Finally, note that in FusionReactor 5, the FREC functionality is built-in, and besides the logging of session count in realtimestats.log, there is now a chart of sessions offered in the Metrics>Custom Series option on the left. Choose the option for ActiveSessionCount in the drop-down on the top right, if it's not selected by default.
(For any who may wonder, SeeFusion does not offer session tracking info.)
JRun Metrics and other solutions
And yes, there's still another way to get at least a count of all J2EE sessions, using the available JRun Metrics. While it has the benefit of tracking the info over time, it does track the session count only if you've enabled J2EE Sessions in the CF Admin, and even then it tracks only the total of all sessions, not a count per app.
Of course, there have been various solutions offered to solve the problem of session tracking, such as those that track sessions in code (within your application) by storing them in an array in the application or server scope, and so on. The nice thing about using the internal CF/Java objects is that the apps being tracked don't need to be altered at all.
Potential Security Gotcha
Of course, therein lies a potential security risk. Anyone running such code on any CF server can have access to the sort of info that these internal CF/Java objects offer. The example above (Mark Lynch's) doesn't really expose much to worry about (unless the names of apps on a server is sensitive, where one user on the server shouldn't know that another app exists on it, which may be true in a shared hosting environment.) But more important, if one digs deeper into these objects, they do expose more details, including the values of variables in session scopes across all applications. That could be considered very sensitive.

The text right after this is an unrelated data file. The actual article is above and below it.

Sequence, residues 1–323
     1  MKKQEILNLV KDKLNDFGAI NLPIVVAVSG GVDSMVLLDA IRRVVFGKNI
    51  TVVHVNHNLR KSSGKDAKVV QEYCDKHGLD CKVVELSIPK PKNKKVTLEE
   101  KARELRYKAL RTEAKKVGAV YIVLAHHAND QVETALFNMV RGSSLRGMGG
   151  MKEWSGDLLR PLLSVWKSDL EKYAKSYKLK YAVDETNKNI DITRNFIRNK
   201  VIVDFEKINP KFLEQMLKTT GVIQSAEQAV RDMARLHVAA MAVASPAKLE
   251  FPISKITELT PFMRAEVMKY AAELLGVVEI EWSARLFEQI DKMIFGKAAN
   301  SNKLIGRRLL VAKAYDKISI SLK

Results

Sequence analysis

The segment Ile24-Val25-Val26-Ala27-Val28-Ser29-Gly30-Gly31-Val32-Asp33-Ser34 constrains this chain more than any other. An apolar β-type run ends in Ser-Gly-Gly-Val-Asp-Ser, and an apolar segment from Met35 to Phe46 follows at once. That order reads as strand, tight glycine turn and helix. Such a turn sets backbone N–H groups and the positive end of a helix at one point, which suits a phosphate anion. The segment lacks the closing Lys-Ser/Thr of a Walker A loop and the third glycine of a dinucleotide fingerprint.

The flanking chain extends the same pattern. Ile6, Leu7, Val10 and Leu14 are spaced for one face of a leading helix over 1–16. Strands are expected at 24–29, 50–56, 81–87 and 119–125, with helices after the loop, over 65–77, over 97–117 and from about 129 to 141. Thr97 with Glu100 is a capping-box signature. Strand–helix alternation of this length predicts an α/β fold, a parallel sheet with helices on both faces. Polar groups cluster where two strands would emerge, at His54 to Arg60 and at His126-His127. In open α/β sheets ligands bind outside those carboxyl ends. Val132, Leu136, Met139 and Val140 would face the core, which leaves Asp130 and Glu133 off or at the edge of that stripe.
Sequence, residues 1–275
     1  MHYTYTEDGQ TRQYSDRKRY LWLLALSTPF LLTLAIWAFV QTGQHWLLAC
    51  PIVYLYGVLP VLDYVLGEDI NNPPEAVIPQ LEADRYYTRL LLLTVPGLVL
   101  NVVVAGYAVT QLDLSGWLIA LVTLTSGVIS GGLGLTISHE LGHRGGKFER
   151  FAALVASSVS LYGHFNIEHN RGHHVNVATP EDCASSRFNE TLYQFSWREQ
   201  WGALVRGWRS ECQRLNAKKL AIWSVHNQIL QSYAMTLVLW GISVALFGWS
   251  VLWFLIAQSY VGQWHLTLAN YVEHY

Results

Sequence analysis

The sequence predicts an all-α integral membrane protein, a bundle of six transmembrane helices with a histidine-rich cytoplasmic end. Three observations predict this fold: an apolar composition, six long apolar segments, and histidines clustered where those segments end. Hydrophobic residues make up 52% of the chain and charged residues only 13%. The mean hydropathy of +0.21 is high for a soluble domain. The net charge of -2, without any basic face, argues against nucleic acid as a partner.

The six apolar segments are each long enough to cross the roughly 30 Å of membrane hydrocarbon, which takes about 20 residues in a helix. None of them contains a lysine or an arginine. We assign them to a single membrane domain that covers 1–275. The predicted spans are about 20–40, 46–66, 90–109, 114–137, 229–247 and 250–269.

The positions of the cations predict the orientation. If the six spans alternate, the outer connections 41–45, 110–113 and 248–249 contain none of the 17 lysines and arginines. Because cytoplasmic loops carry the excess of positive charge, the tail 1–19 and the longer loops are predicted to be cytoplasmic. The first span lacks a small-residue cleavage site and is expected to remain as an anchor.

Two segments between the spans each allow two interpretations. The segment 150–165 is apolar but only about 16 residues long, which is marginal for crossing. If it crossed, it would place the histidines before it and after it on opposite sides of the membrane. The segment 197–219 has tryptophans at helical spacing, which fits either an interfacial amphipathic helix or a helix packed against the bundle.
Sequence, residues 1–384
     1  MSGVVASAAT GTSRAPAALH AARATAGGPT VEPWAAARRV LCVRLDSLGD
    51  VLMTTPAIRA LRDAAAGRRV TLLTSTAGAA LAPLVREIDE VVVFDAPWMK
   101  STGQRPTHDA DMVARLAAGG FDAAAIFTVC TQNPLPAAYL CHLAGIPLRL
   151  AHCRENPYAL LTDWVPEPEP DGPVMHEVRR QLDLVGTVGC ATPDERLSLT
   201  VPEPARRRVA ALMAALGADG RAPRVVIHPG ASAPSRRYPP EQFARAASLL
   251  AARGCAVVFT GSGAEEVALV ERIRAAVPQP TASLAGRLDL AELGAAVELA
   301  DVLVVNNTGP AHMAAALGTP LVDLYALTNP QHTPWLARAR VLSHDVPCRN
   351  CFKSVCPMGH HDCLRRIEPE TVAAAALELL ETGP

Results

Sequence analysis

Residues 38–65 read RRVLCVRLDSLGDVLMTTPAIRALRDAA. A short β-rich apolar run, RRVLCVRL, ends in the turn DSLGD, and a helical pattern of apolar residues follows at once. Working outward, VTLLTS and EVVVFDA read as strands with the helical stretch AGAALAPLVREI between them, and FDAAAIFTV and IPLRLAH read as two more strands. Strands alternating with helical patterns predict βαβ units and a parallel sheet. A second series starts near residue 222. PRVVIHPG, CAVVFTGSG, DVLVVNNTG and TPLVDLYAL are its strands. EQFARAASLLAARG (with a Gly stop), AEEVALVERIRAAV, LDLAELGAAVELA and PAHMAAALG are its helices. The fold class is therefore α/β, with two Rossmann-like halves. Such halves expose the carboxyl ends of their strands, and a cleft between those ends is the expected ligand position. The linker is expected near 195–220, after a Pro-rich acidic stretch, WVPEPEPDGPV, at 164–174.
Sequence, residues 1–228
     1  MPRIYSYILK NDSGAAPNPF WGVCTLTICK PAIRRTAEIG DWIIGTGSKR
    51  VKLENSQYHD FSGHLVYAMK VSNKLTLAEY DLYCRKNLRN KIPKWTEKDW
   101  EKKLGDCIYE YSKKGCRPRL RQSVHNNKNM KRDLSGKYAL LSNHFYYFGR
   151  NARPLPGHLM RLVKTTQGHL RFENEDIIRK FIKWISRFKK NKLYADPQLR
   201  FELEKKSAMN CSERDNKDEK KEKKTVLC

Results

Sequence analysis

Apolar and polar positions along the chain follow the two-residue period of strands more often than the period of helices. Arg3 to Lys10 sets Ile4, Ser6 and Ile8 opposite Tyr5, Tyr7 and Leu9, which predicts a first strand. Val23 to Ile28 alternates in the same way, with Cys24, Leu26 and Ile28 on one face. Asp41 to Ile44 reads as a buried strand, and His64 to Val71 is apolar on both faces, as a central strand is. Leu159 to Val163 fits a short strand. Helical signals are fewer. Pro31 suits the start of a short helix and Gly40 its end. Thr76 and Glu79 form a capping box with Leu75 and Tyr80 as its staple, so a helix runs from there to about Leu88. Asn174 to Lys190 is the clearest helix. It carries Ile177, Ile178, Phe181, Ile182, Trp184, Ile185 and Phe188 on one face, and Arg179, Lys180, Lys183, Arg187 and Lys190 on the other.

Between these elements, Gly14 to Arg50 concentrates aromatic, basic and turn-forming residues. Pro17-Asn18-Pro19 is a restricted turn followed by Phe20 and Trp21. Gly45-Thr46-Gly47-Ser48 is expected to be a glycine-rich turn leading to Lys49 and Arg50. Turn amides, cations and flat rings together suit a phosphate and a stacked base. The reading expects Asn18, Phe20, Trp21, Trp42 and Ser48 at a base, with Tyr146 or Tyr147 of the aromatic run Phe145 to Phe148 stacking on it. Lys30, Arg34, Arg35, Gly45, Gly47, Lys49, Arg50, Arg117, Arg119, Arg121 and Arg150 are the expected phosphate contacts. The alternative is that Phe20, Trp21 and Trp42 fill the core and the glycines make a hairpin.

As such, there have long been a couple of solutions that Adobe has provided to enable an administrator to shut down the use of these internal objects.
First, in CF 5 and above, it's been possible to set security for the entire server (or a given app in CF Enterprise) to make it impossible to call any Java objects (yes, you could call Java objects starting in CF 4.51). To learn more about this option, called Resource Security in CF Standard, and Sandbox Security in CF Enterprise, see my 2-part article series for the Adobe Security Developer Center from Sept 2002, "ColdFusion Security, Part One: Understanding Sandbox/Resource Security" and "Part Two: Sandbox/Resource Basics", both available at my articles site.
That approach is a little brute-force though, and throws the baby out with the bathwater if you have legitimate use of java objects.
So in CF8 finally, Adobe added a new feature that permits an Administrator to disable JUST access to the these underlying internal CF/java objects. See the CF Admin "Server Settings" section, "Settings" page, and its "Disable access to internal ColdFusion Java components" checkbox. The option takes effect immediately.
It's certainly more effective if one wants to control to this info, but of course it will make code that relies on it fail, with an error like:
Permission denied for creating Java object: coldfusion.runtime.SessionTracker
I'll point out that since most of the folks I help with run their own servers, they're just not worried about disabling these internal java objects, since they can control what code runs on the servers.
So if you want to quickly find out how many sessions you're running, per application, check out Mark's code. You can also get much more info from these internal objects, if you want to explore. I'm working on a tool to provide some still more powerful information that I started working on years ago based on these objects. But until that's ready, I had occasion today to point out this working alternative to a customer, and thought I'd pass it along here.